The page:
When writing copy, use images to break up the long text. Visuals always win! If you already have photos of your rewards, don’t hesitate to show them too.

Once you’ve launched your project, it’s important to start spreading the word. In the beginning, you’ll need the support of your friends and relatives. If none of the people who know you personally trust your abilities to finalise and deliver the outcome of your project, strangers won’t trust you either. On Kickstarter, about 17% of all unsuccessful projects haven’t received a single pledge, which clearly shows that spreading the word among people who know you is crucial.

The majority of projects on Kickstarter raise between 1K and 10K, but if you’re planning to start a bigger project, you’ll need to take more time to prepare for your launch on Kickstarter. First, when launching a project, think about who might be interested in the outcome of your endeavour. These are the people to reach out to immediately after your Kickstarter project page becomes public. Sometimes, you might need the support of the press to reach more people. There are several ways to go about this. First, I’d always recommend to think about who you know who might know someone and who they can introduce you to. If your project is for your community, then don’t hesitate and reach out to your local newspapers. Let them know about your project. This is usually easier in smaller cities. If you don’t know any journalists or weren’t any successful with the local media houses, it’s time to do a little research. A simple hack is to go on the Google News search and find relevant keywords. When you find articles that are related to your project’s theme, reach out to the journalists who wrote them and let them know about your project. If they’re interested in your field, they might be kind enough to feature your campaign.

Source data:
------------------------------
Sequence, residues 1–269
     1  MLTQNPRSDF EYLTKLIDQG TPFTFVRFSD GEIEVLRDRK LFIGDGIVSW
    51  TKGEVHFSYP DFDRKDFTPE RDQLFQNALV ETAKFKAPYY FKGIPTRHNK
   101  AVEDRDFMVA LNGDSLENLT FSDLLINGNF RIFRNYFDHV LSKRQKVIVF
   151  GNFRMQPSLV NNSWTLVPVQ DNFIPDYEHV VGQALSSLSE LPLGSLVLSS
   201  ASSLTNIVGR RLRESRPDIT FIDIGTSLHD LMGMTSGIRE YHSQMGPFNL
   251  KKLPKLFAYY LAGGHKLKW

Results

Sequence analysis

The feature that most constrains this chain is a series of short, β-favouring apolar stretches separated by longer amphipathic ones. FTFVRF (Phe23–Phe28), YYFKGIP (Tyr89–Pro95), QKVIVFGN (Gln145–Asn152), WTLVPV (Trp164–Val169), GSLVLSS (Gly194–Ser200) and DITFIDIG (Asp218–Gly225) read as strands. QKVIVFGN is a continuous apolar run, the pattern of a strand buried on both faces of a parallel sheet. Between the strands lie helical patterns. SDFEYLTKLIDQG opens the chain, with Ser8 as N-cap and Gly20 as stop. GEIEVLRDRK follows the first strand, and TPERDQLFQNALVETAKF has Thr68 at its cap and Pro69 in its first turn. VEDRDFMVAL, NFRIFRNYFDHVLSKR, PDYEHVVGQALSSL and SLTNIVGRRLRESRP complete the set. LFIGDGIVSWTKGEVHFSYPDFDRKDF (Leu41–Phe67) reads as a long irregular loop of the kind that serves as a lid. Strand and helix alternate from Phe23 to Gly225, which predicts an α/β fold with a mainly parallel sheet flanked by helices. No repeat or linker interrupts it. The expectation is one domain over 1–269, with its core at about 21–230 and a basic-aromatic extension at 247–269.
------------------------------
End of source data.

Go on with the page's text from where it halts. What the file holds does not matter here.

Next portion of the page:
Once your page is up and running, you’ll have about 30 or 40 days to reach your goal. Trust me, you don’t want to shout across all your social media channels that you’re doing a Kickstarter campaign. Instead, this is a wonderful opportunity to tell people more about your work. Take the time and write regular project updates to invite people to check out your Kickstarter page. Don’t do the sales talk. Instead, talk about your progress and how your project’s evolving. Give people something to talk about; show them photos of your work space, or the material that you won’t show in the final piece. In the end, backers on Kickstarter want to be part of the creative process, so the best thing you can do is to share your work with them. It will be easier to regularly post on your other social media channels about your campaign without constantly asking people for their support. You’ll see that posting project updates will be valuable even after you’ve successfully funded your project. As I like to say, if you’ve done one campaign well, it will be easier to make the second campaign even better.

If you’re planning to setup a Kickstarter campaign and are based in Germany, Austria or the Netherlands, please get in touch with me so I can help you get up and running.